I’ve just returned from the Can-Fit Pro Fitness Conference in Toronto and was thrilled to attend so many workshops on healthy aging and effective exercises for older adults. Many of the seminars were co-sponsored by ICAA, the International Coalition on Active Aging. Of the 400 sessions held, nearly 20 were devoted to exercise for older adults with such topics as aqua fitness, strength and balance programs, and the top ten trends in aging.
The message was clear. The older adult market is a force to be reckoned with. Exercise programs need to meet the needs of the aging population and facilities need to be age-friendly. Many other seminars referred to training movement instead of muscle with the emphasis placed on performing the activities of daily living (ADLs) and not just sports specific skills.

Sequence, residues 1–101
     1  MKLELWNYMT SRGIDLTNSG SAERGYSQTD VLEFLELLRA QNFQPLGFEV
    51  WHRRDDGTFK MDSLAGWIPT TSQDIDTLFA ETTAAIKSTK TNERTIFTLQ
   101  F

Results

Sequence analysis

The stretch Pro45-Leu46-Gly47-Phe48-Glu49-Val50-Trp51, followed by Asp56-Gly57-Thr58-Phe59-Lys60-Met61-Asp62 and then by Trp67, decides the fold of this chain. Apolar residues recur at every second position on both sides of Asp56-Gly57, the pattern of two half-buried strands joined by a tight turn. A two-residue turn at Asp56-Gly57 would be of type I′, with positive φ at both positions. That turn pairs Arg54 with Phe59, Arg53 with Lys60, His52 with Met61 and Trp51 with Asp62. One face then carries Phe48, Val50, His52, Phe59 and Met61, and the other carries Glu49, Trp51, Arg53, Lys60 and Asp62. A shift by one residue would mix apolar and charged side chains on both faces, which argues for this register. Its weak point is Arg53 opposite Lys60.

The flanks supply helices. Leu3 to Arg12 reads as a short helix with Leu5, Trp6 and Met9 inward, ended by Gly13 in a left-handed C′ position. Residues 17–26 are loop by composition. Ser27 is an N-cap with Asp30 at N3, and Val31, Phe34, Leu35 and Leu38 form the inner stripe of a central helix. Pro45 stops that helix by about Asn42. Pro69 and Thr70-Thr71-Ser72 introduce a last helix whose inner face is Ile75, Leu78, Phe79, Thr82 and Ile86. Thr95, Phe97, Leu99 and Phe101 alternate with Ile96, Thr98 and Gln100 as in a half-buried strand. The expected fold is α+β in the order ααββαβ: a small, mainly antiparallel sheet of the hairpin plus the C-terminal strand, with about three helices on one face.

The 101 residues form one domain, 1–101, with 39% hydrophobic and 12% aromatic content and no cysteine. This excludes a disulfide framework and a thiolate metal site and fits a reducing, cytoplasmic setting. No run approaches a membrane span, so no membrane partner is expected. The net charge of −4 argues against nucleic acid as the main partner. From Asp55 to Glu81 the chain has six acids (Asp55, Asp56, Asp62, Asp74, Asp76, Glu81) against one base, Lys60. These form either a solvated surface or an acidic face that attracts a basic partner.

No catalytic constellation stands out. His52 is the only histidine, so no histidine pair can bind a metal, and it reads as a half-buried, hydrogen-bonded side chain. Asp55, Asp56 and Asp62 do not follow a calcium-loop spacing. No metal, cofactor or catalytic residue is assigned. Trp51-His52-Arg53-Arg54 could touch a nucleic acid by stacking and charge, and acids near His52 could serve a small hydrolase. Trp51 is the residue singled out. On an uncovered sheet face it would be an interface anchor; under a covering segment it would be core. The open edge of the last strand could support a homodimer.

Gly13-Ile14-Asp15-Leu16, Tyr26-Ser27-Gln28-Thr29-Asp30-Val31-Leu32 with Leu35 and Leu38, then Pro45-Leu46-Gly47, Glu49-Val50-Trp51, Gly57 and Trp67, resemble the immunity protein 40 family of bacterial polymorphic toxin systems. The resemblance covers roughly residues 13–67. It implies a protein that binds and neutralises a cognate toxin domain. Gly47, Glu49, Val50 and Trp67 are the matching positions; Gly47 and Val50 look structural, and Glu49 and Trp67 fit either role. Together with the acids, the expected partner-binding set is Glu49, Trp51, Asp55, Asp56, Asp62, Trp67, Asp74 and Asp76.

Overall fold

At a session on stability and balance training, I learned about the latest research which showed approximately 20% increase in overall strength and balance and 33% improvement in lateral (side to side) balance in just three months of perfoming specific exercises by the participants. Considering that one-third of people over age 65 residing in their own homes suffer a fall each year, which translates to 10 million falls in the U.S., that falls are the leading cause of injury-related deaths in older adults, and that the direct medical expenses of 1.8 million falls in the U.S. in 2000 translated to $16.4 billion, not to mention the pain and suffering, there is an obvious need to reduce falls.
More information on the ICAA can be found at www.icaa.cc
To your health,